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Big Wild Goose Pagoda


Brief Introduction


Situated in the Da Ci’en Temple in the southern suburb of Xi’an, the Giant Wild Goose Pagoda is one of the most famous Buddhist pagodas in China. The pagoda was  a real skyscraper in Chang’an city  for over a millennium since it was first constructed in the 7th century AD. It was a place where  people could have a bird’s-eye view of the whole city from the top. The story behind it  is related to the well known story of the Monkey King which has made it pretty famous all over the country.

The Da Ci’en temple was originally built in 589 AD in the Sui Dynasty, and then was repaired and enlarged in about 648 AD in the Tang Dynasty. The temple once consisted of 1,879 magnificent rooms. However, it went into gradual decay after the downfall of the grand Tang Dynasty.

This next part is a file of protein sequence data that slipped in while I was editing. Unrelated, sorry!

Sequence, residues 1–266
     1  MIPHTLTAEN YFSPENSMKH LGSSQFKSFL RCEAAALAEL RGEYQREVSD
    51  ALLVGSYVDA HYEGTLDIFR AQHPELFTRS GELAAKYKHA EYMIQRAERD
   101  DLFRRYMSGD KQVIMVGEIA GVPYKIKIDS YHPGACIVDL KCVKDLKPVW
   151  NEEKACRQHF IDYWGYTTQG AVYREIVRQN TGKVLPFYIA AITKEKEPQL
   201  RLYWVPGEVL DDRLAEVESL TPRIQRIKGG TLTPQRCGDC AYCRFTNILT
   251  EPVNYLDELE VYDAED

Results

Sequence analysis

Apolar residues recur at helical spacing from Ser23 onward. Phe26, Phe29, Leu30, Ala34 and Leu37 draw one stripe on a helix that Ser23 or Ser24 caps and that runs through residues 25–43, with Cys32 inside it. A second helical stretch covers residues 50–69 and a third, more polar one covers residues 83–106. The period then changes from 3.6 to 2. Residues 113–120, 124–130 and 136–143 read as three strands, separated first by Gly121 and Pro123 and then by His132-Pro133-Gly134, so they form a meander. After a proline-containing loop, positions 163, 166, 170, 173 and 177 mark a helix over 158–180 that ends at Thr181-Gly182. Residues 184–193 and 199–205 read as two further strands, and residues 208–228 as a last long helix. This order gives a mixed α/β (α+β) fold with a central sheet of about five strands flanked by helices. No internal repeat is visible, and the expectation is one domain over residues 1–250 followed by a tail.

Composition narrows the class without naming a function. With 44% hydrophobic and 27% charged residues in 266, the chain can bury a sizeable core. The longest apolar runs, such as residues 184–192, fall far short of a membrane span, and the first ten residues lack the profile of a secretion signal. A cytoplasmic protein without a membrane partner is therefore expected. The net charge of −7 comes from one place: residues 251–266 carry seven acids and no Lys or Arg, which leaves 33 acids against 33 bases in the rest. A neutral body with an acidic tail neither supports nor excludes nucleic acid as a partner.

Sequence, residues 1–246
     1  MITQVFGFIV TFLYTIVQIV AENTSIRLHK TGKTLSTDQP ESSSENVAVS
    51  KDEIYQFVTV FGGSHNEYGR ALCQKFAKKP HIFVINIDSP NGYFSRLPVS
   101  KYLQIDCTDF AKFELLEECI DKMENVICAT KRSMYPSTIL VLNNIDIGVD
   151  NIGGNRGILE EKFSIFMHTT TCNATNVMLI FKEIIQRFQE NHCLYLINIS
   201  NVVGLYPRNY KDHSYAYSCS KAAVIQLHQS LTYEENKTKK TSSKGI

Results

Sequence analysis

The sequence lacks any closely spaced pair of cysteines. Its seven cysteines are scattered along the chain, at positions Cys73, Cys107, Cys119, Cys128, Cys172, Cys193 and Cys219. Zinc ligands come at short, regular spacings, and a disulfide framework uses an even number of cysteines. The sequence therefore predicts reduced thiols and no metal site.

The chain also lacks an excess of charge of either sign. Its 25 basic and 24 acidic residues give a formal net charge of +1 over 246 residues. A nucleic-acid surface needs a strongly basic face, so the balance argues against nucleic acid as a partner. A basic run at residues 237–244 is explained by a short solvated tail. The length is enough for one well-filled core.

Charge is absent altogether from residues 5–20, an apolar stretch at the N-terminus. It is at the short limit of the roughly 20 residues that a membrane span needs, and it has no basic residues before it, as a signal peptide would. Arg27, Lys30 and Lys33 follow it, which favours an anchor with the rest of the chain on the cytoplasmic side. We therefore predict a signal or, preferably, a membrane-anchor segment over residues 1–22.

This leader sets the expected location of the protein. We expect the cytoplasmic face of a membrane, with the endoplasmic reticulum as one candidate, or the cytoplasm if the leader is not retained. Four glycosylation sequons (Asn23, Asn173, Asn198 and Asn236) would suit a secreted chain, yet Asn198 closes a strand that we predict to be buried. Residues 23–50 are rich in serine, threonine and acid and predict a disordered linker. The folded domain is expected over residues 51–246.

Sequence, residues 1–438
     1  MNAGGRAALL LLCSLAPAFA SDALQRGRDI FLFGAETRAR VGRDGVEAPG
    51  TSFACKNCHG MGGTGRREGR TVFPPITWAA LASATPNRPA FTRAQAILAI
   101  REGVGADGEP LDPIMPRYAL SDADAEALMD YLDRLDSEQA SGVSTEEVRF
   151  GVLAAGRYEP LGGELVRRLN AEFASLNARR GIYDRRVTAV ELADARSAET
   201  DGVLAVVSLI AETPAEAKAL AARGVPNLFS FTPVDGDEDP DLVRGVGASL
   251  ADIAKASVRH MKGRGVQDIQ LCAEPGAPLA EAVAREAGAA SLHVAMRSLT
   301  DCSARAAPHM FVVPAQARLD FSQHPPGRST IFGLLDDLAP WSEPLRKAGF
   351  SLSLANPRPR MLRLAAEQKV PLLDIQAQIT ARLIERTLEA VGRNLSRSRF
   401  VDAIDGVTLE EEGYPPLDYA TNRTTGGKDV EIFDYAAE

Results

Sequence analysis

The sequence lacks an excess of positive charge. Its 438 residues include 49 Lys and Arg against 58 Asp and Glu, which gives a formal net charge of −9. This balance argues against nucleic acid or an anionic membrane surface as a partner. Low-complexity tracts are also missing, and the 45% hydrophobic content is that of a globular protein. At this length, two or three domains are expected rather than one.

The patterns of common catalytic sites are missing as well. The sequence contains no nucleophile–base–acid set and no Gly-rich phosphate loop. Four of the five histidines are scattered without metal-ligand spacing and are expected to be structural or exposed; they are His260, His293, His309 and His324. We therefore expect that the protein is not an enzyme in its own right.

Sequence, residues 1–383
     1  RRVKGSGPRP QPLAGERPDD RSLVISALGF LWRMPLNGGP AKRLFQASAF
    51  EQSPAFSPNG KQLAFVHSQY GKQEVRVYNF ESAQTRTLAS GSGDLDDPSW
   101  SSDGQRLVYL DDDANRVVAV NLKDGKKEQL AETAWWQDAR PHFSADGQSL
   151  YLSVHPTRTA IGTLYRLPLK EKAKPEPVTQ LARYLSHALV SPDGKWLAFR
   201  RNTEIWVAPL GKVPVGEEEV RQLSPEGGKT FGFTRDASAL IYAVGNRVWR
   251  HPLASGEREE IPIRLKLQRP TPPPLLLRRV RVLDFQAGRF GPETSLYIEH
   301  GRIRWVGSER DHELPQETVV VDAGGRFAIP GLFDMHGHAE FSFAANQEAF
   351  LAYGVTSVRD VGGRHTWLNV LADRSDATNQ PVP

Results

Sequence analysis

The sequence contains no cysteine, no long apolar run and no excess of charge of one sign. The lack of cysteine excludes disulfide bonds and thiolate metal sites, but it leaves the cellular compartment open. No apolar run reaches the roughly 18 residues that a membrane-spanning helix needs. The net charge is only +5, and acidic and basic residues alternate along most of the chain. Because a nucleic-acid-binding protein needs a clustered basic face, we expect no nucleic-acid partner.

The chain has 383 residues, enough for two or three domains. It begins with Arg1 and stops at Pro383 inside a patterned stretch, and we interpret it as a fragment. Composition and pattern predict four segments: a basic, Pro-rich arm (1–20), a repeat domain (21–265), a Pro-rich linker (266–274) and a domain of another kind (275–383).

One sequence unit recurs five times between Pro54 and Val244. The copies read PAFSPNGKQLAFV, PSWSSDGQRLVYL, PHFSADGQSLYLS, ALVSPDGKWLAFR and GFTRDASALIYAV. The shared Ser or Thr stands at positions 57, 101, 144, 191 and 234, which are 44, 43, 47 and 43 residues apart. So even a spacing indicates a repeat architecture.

The pagoda was first built in 652 AD. Xuanzang, one of the most famous Buddhist masters and the Abbot of this temple at the time, proposed to the imperial court that  a pagoda should be built to store the scriptures and statues he brought back from India. The Emperor readily agreed with him. The pagoda was finished in the same year with only five stories. During the following dynasties, the pagoda withstood wars and weather, but was still destroyed to a certain level. It was repaired, renovated and added to many times. Now it is 64 meters high with seven stories. It is a wood-and-brick structure without the use of any cement. The Dougong (bracket) in traditional Chinese architecture features in the construction of the pagoda. The seams between each layer of bricks and the so-called ‘prisms’ on each side can be seen clearly. It is really an architectural marvel.

In the Tang dynasty, every successful candidate of  the State Imperial Examination would climb up the pagoda to write poems and inscriptions on the doors and the framework, symbolizing a soaring career in the future. Today we can still find some inscriptions inside the pagoda.


Big Wild Goose Pagoda

Background Knowledge


Who was Xuanzang?